Today’s Flashback Friday feature originally published on June 27, 2018. The 2019 NCAA Wrestling Championships are currently underway at PPG Arena in Pittsburgh.
Each spring, wrestlers from 76 Division I schools compete for NCAA individual and team wrestling titles.
First held in 1928, March Matness is college wrestling’s marquee event. Long held on college campuses, the tournament’s explosion in popularity has forced it to move to major cities, where it is contested at professional sports arenas. The 2018 championships were held at Quicken Loans Arena, home of the NBA’s Cleveland Cavaliers. In the past decade, the event has been held at Madison Square Garden, as well as the home arenas of the Oklahoma City Thunder, St. Louis Blues, and Philadelphia Flyers and 76ers.
March Matness is a double-elimination tournament contested in ten weight classes. Thirty-three wrestlers in each weight class qualify through eight conference championship tournaments. During the championships, individual match winners earn points based on the level and quality of the victory, which are totaled to determine the team title.
In addition to deciding the national championship, the NCAA tourney also determines the Division I All-American team. The top eight finishers in each weight class qualify for All-America status. The top four teams earn podium finishes. The immensely-popular event is broadcast by ESPN, airing on ESPN2, ESPNU and live streaming [all mats for all rounds].
Since the inaugural tournament in 1928, the championships have been held every year but 1943-1945, when the matches were interrupted by World War II. Prior to 1963, only a single championship was held for all members of the NCAA. Division II competition began in 1963, with Division III following in 1974.
The first-ever collegiate wrestling championships were held at Iowa State. Oklahoma A&M [which became Oklahoma State in 1957] defeated the host Cyclones as well as Michigan to win the first of 11 titles under legendary coach Ed Gallagher. After Gallagher died of Parkinson’s disease in 1940, the Oklahoma State program was taken over by Art Griffith, who led the Cowboys to eight national titles in the next 13 seasons. Oklahoma State has won 34 NCAA wrestling championships, more than any school in history. From 1928 to 1949, OSU won 18 of the first 21 national crowns.
While Oklahoma State holds the most team titles with 34, no school has dominated the mat like Iowa. Under Dan Gable – the most important figure in wrestling history – the Hawkeyes won a record nine straight national championships, and 11 of 12 between 1975 and 1986. After four seasons without an NCAA championship banner, Iowa returned to dominance, winning nine of ten titles from 1991 to 2000.
In all, Iowa has collected 23 NCAA wrestling championships, second-most of all time. Iowa State and Penn State have won eight championships, and Oklahoma seven. Only six other schools have claimed the national trophy, none more than three times. Of the 88 NCAA team championships awarded in wrestling, only 16 titles have gone to schools outside the states of Oklahoma and Iowa.
Since 1999, the ten weight classes that comprise the NCAA championships are 125, 133, 141, 149, 157, 165, 174, 184, 197 and 285 pounds. The United States remains the only country that has not adopted the metric system for high school and collegiate wrestling.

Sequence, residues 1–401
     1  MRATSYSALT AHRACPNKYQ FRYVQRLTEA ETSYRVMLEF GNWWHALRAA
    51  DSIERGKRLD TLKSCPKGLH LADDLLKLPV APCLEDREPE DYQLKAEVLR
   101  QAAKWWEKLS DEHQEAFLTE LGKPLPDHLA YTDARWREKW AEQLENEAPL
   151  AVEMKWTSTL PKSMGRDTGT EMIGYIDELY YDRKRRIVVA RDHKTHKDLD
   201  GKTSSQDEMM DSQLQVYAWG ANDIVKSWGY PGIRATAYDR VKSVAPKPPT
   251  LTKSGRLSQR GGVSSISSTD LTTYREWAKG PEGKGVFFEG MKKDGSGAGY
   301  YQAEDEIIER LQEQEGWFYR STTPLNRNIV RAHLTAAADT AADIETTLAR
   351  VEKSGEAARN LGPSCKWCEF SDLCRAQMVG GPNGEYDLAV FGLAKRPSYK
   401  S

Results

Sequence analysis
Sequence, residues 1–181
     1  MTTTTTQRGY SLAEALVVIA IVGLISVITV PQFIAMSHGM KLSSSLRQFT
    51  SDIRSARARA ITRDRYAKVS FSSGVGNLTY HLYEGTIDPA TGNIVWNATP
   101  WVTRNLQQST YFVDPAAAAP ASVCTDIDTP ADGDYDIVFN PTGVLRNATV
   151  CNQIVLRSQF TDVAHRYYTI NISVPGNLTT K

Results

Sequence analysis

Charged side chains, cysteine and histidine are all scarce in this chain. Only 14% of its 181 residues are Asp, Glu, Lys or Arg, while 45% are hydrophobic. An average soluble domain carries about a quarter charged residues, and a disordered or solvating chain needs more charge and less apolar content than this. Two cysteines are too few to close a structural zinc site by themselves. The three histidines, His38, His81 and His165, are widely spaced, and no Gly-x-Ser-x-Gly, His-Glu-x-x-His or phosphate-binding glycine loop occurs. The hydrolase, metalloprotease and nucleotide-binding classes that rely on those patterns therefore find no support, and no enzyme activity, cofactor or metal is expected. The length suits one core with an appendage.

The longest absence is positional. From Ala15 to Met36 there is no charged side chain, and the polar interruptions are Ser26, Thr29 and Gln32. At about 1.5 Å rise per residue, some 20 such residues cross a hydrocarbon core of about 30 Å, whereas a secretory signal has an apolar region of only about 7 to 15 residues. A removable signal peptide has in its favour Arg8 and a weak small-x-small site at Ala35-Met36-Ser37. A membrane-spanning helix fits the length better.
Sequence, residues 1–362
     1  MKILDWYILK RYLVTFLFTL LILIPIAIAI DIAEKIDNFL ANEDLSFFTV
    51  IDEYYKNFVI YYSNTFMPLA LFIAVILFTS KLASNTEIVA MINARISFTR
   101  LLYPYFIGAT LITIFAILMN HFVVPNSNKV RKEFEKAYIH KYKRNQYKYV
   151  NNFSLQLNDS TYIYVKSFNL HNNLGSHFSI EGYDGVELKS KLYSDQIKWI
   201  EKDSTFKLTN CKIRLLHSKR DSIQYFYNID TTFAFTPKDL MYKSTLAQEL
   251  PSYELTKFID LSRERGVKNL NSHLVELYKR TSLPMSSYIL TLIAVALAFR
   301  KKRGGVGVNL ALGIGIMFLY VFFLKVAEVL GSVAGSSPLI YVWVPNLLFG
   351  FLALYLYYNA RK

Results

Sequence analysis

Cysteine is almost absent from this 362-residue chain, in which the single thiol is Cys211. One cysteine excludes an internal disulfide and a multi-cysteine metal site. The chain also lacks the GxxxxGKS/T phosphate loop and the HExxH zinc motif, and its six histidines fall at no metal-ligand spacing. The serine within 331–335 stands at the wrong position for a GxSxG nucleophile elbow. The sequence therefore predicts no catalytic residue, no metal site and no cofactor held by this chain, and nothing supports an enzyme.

The closest March Matness finish came in March 1978, at the 48th NCAA Championships. Before 43,759 spectators at the University of Maryland’s Cole Fieldhouse, Gable’s Iowa Hawkeyes edged archrival Iowa State by a half-point, 94.5 to 94. Iowa claimed the third NCAA wrestling title in school history despite having no individual champions. Two team crowns have been decided by one point. In 1946, Oklahoma State got past Iowa State, 25-24. Four years later, Oklahoma nudged Oklahoma State, 24-23.
Iowa, Oklahoma State and Penn State are the only programs in NCAA Division I history to crown five individual champions in one year. The Hawkeyes did it twice – in 1986 and 1997. Oklahoma State boasted five winners at the 2005 championships, while Penn State equaled the feat in 2017.
Four grapplers have won Division I individual titles in each of their four years of eligibility. Oklahoma State’s Pat Smith was the first, in 1994. Kyle Drake of Cornell was next [2010-13], followed by Ohio State’s Logan Stieber [2012-12]. Perhaps the greatest of all is Cael Sanderson. From 1999 to 2001, Sanderson had a cradle hold on the 184-pound weight class, winning three straight. As a senior, the Iowa State Cyclone moved up to 197 pounds to capture his fourth title. Sanderson is also the only athlete in Division I history to be named Most Outstanding Wrester of the NCAA tourney four straight years.
Like the unrelenting Dan Gable, Cael Sanderson parlayed his success on the mat to build a collegiate powerhouse. Prior to Sanderson taking over the Penn State program in 2009, the Nittany Lions had won one national championship – in 1953. PSU had finished seventh in the [then] 11-team Big Ten conference. Instilling the same discipline and work ethic that saw him go 159-0 as a collegiate wrestler, Sanderson led the Nittany Lions to the NCAA title in 2011. Penn State has won seven of the last eight team championships, including the 2018 tournament.
Starting with Minnesota in 2007, the Big Ten has won the last dozen NCAA team championships. Following the Gophers in 2007, Iowa won three straight. Ohio State joined the fray in 2015, sandwiched between Penn State wins in 2011, ’12,’13, ’14, ’16, ’17, and ’18.